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My Rusty n Dusty Rat Rod Titanium Firefly Disc All Road

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My Rusty n Dusty Rat Rod Titanium Firefly Disc All Road

Cycling is an experience that should continue to mature overtime. I’m weary of people who stand firm in their ideologies, rest on laurels and refuse to embrace the “new,” especially when it comes to riding bikes. Look, it’s not that hard to have fun. Opinions can change with experience, its normal. Embrace it.

For the past two years, I’ve been planning both financially and functionally for this bike. Something I’d encourage everyone to do with a custom machine. Don’t just jump in head first without doing research and saving your money. The last thing you want to do is to take a financial hit once the final invoice comes in.

You see, I knew I wanted a Firefly. I kind of felt like that brand and my own brand have grown together over the years. When Jamie, Tyler and Kevin started the company, it had a breath of energy, creativity and their final products all expressed experimentation. Those guys can make anyone a dream bike but deciding what kind of bike is a challenge. Part of my apprehension was not only where I felt like cycling’s technology was heading, but where my own riding would be taking me over the next few years.

Walton Brush’s California State Champion Cinelli Cross

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Walton Brush’s California State Champion Cinelli Cross


Photos by Mike Martin

It helps a lot when your teammate just so happens to be a expert at frame design and painting, especially when you win the 2013 California State ‘Cross Championships. Garrett Chow recently completed and photographed this bike for Mash-teammate, Walton Brush. Even if it did come at the end of the season, it’s still an incredible machine!

Check out some words by Garrett and more photos below!

Jordan Low Custom Paint

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Jordan Low Custom Paint

As a frame builder or a potential customer of one, finding a good, reliable painter is one of the most difficult components in the custom bike equation. Not only do they have to be talented, they’ve got to be creative and be able to execute designs in a timely manner. Some clients have no idea what they want, but can give a few graphic precedents to a builder or painter and say “run with it.”

It takes a talented painter to make that a reality. In some cases, all it takes is a photo of a sports car, or a graphic designer like Adria Klora to hand over style sheets, yet either route you, the customer, or your builder takes, it all comes down to the capabilities of the painter.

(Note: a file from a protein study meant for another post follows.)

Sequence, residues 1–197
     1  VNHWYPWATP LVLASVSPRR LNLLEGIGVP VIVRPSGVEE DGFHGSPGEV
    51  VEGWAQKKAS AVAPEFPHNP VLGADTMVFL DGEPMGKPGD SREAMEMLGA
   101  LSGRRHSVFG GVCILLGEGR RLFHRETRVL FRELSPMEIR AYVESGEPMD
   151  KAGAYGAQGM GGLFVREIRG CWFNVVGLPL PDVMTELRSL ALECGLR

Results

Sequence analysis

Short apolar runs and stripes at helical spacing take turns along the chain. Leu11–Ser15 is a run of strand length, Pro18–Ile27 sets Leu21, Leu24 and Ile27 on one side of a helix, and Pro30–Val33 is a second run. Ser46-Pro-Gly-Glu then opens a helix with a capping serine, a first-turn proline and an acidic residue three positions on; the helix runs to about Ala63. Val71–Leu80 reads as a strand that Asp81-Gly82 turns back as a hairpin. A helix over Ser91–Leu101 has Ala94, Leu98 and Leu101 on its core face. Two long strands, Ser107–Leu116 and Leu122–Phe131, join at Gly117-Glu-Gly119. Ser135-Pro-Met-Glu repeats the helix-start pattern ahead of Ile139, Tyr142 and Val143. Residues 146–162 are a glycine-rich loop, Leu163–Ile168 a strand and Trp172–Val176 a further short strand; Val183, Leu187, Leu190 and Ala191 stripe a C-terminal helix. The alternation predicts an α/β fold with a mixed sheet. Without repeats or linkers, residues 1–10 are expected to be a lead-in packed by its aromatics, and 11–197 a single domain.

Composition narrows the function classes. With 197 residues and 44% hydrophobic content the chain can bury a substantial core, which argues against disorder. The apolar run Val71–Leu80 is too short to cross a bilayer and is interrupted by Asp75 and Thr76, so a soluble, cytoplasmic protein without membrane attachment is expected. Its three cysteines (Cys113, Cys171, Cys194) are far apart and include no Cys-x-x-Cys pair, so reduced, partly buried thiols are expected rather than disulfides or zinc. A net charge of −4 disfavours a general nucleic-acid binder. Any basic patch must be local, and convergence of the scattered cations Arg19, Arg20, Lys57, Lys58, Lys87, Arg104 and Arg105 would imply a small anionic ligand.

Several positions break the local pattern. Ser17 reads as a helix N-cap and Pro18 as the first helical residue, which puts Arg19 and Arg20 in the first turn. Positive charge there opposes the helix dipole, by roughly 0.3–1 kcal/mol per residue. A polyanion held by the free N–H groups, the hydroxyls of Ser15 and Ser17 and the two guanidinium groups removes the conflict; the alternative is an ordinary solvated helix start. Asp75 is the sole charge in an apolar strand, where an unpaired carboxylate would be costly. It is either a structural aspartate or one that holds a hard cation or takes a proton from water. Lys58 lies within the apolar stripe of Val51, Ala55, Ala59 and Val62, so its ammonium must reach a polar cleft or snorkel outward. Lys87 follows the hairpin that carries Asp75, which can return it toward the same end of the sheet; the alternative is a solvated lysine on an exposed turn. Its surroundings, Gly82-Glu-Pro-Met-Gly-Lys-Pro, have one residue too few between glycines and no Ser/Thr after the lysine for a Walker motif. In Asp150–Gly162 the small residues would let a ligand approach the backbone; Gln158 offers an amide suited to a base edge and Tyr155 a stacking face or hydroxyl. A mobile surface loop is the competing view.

One such painter that I’ve been really admiring over the past year is Jordan Low. A full-time painter at Seven in Watertown, Massachusetts, Jordan spends his free time painting for various frame builders like Stinnner, Geekhouse, Avery County, and Tomii.

Follow Jordan’s work at the Jordan Low Custom Paint Flickr!

#MadeRADbyTony: The Starmac

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#MadeRADbyTony: The Starmac

#MadeRADbyTony: The Starmac
Photos by Carson Blume Photography, words by Chris Riekert

“How about a little comet?” Tony says while deep in his element. “Yea… right there. Perfect.” Watching Tony paint, I realize he isn’t talking to me, but rather coaxing the paint out of his airbrush. In a dimly lit pop-up tent pitched in his backyard, Tony’s workspace smells like a lack of ventilation in a chemical plant.

Garrett Chow on the Argonaut Mavic 125ans Road Bike

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Garrett Chow on the Argonaut Mavic 125ans Road Bike

Garrett Chow is an exceptional designer and I’m very fond of his work. In today’s industry, so many cycling-related projects rely on paint design, meaning it’s the ultimate crux in a project’s success.

It’s easy to draw some chevrons, or paint a logo a pantone and call it a day, but to really dive into data, something that’s typically not visually stimulating and pull a compelling paint job from a series of numbers and historical markers takes talent.

With the recent Mavic 125ans project bikes, I took a liking to Argonaut‘s design. There was information there and it required you to stop and really examine every aspect of the bike. There were a lot of immaculate paint jobs in the 125ans bikes, but this one was more than that…

See more below!